Thursday, 8 October 2015

Konoba Daniela - Veleniki (Porec), Croatia

Let's be honest we weren't having much luck with restaurants in Croatia, it was starting to get frustrating, so we decided to take some advice and head out of town.

There are two restaurants named on Frank About Croatia's blog that are a short drive out of Porec, they are apparently much better than a lot of the places you'll find around the coast or in the old town. The major disadvantage of this being that D would need to drive and we were also warned that Croatia has a zero tolerance for drinking and driving so he couldn't even have a shandy. 

We chose Konoba Daniela for no other reason than it looked the best on Frank's blog. 

The drive out of Porec is a short one taking approximately 10-15 minutes which takes you in to the small town/village of Veleniki, where it quickly becomes clear everyone is there for this one restaurant. We struggled to find parking and this worried us, would be able to get a table without a booking? With the car safely(ish) parked down the road we wandered in. We approached a waiter apprehensively waiting for the abrupt 'no' that we were becoming accustomed to whenever we asked anyone anything in Croatia, and enquired about a table. He replied "of course" and we were promptly shown to a table on the decking outside.

As D wasn't able to drink I announced that I too wouldn't drink thinking perhaps it was time to give the booze a rest. We both ordered soft drinks and set about looking at the menu. 

The menu was very similar to other menus we'd seen in Croatia. Cheese and cured meat for starters, pasta dishes, meat dishes and fish dishes. 

We skipped starters and I didn't really bother with the bread, it was stale and unappetising. 

For mains D asked the waiter whether he would recommend the sausages or another steak type dish. The waiter replied the sausages. D attempted to ask if it came with sides and the waiter said vegetables so D ordered the Daniela potatoes to accompany his sausages.

The sausages in Croatia are more kofte rather than the sausages we know at home. When the sausages arrived they came with potatoes... I guess potatoes fall under the heading of vegetables. Oops.

The Daniela potatoes are fried with onion and bacon, they were pretty good and I was more than happy to help D work his way through them. 

For my mains I chose the spaghetti bolognese, usually served as an interim dish between a starter and your main (just as they do in Italy) I asked if I could instead have this as my main. I asked with trepidation worrying that I may offend but instead this didn't seem to be a problem at all and they barely batted an eyelid at me.

The bolognese was again different to what I've grown accustomed to, no tomatoes or thick red sauce with mince swimming in it. Is this the way Italian's eat spag bol too? Istria once being a part of Italy/Venice we saw a lot of Italy reflected in it's cuisines and customs. This particular bolognese tasted as if it was cooked in a beef and vegetable stock, although the tomato was missing it didn't stop it from being a very flavourful.

Despite having an extra plate of carbs D decided that he wanted dessert. It took us an age to grab a waiters attention to ask if we could see the dessert menu. There was one waiter who kept blocking up our table's walkway whilst he made steak tartar at other tables. The steak tartar is one of Konoba Daniela's specialities and is prepared with raw minced beef at your table with a whole range of different ingredients. It certainly looked impressive although I'm not sure my stomach could have handled it. The other dishes that looked pretty spectacular were the sharer boards, if only we had known about them before we arrived and placed our orders!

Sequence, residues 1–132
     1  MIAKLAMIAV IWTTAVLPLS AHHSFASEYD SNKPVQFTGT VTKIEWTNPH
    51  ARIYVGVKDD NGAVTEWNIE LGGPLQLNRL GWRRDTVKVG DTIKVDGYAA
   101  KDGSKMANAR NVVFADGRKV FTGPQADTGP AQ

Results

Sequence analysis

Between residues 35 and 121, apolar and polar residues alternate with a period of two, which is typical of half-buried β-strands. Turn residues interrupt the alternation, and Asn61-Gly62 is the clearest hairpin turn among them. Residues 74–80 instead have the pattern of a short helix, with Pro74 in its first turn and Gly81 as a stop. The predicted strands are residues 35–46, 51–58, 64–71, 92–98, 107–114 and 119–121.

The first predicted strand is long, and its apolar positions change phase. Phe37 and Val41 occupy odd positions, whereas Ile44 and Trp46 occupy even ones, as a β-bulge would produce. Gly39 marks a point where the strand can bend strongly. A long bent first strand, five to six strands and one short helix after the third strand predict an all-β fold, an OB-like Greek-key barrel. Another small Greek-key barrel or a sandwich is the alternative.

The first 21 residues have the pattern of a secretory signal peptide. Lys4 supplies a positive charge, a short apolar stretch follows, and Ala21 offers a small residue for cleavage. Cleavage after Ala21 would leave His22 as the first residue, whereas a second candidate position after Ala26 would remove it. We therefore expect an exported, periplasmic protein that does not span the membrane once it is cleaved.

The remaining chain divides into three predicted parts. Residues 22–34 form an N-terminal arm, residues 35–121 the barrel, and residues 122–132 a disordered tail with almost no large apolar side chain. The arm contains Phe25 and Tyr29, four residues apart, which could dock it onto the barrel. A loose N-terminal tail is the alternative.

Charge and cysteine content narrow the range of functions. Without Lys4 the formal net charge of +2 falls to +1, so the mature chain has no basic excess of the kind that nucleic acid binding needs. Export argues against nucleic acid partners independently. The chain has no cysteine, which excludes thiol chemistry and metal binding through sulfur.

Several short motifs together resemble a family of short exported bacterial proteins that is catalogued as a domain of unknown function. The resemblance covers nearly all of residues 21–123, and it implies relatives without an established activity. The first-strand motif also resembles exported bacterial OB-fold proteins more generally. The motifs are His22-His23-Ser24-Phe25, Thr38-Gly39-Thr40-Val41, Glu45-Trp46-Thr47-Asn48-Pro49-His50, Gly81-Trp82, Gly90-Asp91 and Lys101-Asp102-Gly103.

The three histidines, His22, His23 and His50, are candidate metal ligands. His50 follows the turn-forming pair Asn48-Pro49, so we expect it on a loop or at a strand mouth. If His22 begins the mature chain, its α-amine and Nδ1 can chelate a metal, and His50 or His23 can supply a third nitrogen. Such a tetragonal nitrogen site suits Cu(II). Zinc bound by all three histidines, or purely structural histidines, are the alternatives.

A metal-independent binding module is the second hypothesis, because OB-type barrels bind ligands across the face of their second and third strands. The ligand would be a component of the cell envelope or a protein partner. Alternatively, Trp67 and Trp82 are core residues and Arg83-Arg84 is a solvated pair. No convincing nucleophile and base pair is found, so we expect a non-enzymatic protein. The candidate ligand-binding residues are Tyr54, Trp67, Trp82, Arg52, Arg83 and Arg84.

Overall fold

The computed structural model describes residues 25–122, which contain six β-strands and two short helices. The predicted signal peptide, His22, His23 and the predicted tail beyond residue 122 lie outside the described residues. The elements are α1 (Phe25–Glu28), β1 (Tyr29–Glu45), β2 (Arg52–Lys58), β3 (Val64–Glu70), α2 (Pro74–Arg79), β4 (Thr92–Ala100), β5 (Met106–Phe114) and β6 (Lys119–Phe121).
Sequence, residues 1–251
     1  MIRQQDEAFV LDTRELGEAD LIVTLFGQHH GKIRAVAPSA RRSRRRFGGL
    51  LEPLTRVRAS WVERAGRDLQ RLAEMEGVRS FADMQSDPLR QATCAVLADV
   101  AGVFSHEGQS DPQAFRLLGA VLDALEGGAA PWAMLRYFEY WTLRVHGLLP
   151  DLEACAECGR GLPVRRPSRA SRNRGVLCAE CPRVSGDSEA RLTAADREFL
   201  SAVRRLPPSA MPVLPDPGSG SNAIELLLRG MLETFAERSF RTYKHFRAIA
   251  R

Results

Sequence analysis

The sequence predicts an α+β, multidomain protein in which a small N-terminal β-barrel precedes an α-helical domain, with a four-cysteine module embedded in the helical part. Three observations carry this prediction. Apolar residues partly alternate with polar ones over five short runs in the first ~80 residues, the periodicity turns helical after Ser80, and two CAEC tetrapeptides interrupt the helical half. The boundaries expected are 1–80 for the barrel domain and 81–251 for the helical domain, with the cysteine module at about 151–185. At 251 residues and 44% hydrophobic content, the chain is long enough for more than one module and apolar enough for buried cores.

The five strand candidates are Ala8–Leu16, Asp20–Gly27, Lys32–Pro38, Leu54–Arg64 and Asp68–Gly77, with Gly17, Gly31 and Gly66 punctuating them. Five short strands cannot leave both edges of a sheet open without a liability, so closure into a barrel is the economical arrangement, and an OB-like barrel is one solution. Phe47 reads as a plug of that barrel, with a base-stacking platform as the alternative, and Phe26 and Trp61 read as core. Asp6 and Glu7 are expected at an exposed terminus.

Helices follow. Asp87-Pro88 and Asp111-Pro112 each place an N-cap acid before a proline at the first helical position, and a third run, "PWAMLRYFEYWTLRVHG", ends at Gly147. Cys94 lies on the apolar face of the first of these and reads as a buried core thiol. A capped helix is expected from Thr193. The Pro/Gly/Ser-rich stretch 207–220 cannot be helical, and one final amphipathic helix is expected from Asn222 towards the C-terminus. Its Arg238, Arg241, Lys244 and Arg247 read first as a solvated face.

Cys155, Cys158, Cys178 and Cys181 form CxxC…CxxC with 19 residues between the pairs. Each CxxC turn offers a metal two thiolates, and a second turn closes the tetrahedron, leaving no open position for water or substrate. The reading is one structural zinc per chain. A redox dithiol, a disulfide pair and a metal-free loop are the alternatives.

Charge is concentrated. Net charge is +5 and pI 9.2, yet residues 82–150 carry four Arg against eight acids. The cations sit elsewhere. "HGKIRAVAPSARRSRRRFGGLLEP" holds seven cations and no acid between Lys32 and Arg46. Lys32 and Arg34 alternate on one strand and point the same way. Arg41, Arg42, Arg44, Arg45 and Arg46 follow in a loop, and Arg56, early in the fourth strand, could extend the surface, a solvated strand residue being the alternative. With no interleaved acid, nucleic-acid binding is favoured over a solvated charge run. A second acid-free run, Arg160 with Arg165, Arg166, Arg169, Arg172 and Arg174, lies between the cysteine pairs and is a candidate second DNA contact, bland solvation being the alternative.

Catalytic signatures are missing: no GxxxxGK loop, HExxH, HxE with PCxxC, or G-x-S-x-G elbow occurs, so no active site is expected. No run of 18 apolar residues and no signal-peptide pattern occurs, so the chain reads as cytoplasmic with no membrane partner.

We eventually grabbed the attention of a waiter who brought us a menu, the next task was to grab another to order dessert. The meanest looking waitress came over, although about 5 foot tall she looked scary and not to be crossed. We couldn't have been more wrong, she was the nicest of the waiting staff we had encountered all night, laughing and joking with us.

D asked our waitress for the Sorbetto, and she turned to him and said "you're Dutch right? Do you know what this is?" I sniggered as D was confused to be of Arian origin once again. she gladly explained that Sorbetto is not sorbet but an alcoholic drink with spirits, cream and prosecco. As D was the delegated driver (by default - I still can't drive) Sorbetto was out of the question for him. So I gladly took up the mantle and through my no drinking (and no dessert) night out of the window.

D opted for his next choice on the dessert menu, ice cream. You'd think the daily gelatos we consumed would have made him sick of the sight of ice cream, if you think that you'd be thinking wrong. This guy would bathe in ice cream if he could.

When the bill was requested we were asked if we would like some schnapps, I definitely like this tradition, and I opted for the sweet rather than strong option (I'm crap at shots and the burning chest thing doesn't do much for me). The bill was brought with my yellow coloured schnapps and some Croatian donuts. The donuts are a lot more chewy and less doughy than their English cousins, this didn't mean they were bad, just different and a nice accompaniment to the end of the meal.

Our meal in total came to 189 kuna, about £19. 

The atmosphere in the restaurants and its gardens was relaxed, family orientated and also a little bit romantic as the trees lopped over the walls and dim lights shined on our tables under the moonlight. I can see why the locals enjoy this place, the prices are good, the staff in general a lot more accommodating and friendly and the food is traditional but made with care and passion (unlike the tourist traps in the centre).

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